Berkeley 'Braces' for Speech by Ben Shapiro, Will Have 'Visible Police Presence'

Antifa members and counter protesters gather during an event at Martin Luther King Jr. Park in Berkeley, Calif. / Getty Images
Antifa protesters in Berkeley, Calif. / Getty Images
September 10, 2017

An upcoming speech by conservative commentator Ben Shapiro at the University of California-Berkeley has necessitated increased security measures at the campus.

In a story headlined "Berkeley braces for right-wing talk show host Ben Shapiro's visit," the Los Angeles Times reported that Shapiro's Sept. 14 speech will require an "increased and highly visible police presence" and a "closed perimeter" around the building where he will speak:

A number of university buildings near Zellerbach Hall, the event’s location, will be closed that afternoon. In order to pass through security barriers, people will have to show tickets for the speech.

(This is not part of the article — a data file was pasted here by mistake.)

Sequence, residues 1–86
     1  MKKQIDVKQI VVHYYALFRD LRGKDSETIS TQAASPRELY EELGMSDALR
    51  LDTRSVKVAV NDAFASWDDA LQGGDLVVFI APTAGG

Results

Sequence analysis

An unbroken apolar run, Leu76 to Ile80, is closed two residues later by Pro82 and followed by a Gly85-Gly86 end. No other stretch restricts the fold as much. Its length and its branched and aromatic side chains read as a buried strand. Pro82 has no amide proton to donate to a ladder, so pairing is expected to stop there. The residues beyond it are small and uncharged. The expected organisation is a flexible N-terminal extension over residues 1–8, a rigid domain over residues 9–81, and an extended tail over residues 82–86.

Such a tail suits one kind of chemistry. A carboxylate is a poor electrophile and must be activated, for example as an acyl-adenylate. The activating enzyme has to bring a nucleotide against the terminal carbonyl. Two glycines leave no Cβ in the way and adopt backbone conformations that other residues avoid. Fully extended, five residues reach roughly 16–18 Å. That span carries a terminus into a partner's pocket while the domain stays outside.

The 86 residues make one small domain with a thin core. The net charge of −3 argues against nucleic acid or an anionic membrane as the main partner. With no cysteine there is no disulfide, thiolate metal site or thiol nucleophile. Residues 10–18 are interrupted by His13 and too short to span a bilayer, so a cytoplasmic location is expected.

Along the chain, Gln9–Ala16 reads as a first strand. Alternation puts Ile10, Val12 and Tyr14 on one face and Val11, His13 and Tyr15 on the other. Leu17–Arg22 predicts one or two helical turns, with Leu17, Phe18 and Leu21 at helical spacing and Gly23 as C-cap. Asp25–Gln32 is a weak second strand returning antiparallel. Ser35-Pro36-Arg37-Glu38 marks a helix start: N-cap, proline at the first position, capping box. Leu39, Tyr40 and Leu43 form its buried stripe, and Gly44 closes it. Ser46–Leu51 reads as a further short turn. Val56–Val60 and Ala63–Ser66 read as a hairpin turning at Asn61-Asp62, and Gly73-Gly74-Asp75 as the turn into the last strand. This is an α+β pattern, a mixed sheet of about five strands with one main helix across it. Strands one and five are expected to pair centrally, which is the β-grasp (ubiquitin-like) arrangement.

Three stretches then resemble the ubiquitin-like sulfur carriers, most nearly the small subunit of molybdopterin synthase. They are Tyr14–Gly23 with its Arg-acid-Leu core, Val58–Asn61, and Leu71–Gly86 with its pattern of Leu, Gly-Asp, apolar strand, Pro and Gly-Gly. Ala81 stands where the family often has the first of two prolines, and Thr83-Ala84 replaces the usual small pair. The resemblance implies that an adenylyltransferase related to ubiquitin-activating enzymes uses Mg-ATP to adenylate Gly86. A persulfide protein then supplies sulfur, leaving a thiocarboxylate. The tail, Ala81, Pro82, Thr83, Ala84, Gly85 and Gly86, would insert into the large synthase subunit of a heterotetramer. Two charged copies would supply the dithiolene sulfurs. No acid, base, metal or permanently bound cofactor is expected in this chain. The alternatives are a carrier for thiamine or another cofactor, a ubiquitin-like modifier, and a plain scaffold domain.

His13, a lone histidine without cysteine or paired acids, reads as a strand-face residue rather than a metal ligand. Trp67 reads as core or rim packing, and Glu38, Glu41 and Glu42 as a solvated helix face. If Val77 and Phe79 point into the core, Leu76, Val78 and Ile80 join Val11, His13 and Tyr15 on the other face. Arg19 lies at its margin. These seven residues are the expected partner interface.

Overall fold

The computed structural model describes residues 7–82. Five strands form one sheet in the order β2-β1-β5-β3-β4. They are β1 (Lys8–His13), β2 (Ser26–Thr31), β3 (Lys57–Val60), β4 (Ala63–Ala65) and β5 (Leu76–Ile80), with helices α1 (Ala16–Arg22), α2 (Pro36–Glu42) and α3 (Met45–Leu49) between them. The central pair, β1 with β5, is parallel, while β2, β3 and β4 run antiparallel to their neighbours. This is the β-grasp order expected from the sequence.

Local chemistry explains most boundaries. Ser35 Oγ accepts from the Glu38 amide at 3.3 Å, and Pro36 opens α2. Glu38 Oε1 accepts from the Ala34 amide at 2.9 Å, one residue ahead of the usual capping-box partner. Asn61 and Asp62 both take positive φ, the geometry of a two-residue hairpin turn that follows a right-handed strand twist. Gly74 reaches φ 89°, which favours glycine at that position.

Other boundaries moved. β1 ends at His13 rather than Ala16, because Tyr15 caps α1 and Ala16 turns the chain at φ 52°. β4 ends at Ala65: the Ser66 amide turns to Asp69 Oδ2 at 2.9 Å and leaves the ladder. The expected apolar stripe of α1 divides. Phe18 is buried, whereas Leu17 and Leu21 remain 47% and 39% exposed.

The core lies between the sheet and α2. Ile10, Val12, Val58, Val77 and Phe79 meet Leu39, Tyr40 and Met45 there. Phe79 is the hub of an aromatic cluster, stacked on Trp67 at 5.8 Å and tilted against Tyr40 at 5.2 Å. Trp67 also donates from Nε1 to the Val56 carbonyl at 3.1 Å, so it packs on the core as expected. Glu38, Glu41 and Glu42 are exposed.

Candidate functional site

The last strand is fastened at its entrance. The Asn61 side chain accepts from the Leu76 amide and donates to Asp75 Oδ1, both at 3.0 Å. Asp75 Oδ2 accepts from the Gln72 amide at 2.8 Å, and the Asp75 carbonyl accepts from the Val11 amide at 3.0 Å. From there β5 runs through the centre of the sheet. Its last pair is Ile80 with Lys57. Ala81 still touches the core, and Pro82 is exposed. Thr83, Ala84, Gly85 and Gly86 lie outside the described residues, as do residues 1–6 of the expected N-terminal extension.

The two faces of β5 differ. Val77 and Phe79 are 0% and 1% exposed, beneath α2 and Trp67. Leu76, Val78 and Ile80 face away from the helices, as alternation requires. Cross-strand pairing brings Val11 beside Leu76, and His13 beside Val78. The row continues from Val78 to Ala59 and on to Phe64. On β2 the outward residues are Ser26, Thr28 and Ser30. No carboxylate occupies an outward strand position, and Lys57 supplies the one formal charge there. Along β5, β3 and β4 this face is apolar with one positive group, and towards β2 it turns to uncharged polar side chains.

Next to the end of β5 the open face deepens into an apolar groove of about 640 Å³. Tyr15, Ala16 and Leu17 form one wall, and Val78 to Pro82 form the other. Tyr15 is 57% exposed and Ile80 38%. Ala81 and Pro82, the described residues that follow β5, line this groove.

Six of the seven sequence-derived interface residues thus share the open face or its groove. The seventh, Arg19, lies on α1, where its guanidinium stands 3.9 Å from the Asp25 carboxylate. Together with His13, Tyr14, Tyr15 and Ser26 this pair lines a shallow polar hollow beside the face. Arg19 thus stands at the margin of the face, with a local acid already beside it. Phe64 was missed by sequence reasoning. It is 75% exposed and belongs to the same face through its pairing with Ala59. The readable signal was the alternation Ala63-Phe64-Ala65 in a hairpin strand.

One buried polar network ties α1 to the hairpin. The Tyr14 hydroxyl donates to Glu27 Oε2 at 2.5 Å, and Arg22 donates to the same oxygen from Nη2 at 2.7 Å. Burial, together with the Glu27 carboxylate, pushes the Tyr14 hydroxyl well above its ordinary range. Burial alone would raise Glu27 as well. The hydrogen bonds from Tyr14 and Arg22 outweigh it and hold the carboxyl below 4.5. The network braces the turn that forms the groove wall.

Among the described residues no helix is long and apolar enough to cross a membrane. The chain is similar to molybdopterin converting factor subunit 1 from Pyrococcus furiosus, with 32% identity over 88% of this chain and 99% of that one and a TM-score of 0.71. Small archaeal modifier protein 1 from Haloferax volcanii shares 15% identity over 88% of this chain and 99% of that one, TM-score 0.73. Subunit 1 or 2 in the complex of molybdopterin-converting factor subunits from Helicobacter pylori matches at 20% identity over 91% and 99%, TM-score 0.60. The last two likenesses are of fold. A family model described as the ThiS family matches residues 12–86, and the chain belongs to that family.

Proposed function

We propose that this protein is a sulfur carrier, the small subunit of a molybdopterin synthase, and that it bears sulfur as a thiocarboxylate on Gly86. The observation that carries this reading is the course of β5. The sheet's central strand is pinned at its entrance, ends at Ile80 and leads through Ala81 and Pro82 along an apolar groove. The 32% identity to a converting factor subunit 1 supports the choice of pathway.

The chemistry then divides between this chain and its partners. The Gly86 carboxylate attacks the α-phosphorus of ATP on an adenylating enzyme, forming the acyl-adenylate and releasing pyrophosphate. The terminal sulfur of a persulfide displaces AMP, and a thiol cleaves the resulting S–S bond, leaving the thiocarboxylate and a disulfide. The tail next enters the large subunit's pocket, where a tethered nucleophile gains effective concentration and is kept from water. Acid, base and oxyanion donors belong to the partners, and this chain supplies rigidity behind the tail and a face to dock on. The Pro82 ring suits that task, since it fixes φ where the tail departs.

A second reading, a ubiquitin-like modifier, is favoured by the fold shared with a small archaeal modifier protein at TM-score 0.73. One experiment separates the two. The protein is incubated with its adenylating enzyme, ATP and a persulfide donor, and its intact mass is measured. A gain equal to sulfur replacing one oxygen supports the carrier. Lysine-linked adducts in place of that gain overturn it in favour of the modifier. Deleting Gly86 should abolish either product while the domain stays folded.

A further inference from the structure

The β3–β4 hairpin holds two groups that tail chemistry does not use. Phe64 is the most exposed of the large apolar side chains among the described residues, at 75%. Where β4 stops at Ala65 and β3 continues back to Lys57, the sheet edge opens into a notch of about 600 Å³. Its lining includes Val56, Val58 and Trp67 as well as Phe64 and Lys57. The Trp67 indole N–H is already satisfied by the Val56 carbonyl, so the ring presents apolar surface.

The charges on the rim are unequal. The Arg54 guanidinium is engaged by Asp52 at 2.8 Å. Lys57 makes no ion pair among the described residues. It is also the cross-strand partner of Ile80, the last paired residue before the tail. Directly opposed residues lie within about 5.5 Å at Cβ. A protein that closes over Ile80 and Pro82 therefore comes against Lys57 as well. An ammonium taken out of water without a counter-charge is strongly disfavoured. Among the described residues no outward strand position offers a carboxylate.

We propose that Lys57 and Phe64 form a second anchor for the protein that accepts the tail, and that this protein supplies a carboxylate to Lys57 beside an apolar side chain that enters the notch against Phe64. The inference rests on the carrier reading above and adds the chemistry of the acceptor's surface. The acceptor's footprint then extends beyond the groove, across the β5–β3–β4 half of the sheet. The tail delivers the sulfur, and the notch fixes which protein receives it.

The university also is offering counseling to students and faculty worried about the event, which is being held at the invitation of the Berkeley College Republicans.


Berkeley has been the site of far-left violence several times this year already. "Antifa" members assaulted Donald Trump supporters at a peaceful protest last month, leading Nancy Pelosi (D., Calif.) and other Democratic leaders to denounce their violent tactics.

In February, violent protests met right-wing provocateur Milo Yiannopoulos' planned address on Berkeley's campus; the university canceled the event in response.

Shapiro is the editor of the Daily Wire who formerly worked at Breitbart NewsHe left Breitbart last year over criticism of its support for Donald Trump, who he called a "bully."

Twitter users mocked the Los Angeles Times headline and Berkeley by extension for suggesting the campus was afraid of Shapiro, a strong advocate of free speech.

Berkeley announced last week it was offering "counseling services" for students and faculty due to concern about "the impact some speakers may have on individuals' sense of safety and belonging."

Shapiro himself sent an amusing tweet to mock the campus' announcement of counseling services.